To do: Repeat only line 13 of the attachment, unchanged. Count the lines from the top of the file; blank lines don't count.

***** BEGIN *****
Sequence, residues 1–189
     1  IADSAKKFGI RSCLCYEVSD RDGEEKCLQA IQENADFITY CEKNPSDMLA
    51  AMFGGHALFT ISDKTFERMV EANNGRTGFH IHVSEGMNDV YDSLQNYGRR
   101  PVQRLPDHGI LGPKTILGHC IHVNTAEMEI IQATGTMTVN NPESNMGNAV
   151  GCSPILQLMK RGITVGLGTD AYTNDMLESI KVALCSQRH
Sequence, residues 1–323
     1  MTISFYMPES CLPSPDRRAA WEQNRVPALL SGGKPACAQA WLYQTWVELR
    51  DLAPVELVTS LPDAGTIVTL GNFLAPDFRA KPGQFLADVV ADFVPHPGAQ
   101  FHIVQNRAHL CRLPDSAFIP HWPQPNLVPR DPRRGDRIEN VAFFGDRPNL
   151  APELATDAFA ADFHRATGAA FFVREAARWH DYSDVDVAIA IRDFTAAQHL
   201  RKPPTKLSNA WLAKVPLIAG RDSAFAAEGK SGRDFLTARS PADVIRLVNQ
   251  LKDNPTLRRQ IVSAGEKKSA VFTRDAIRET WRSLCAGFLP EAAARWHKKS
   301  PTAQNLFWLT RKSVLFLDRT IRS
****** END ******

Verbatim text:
   301  PTAQNLFWLT RKSVLFLDRT IRS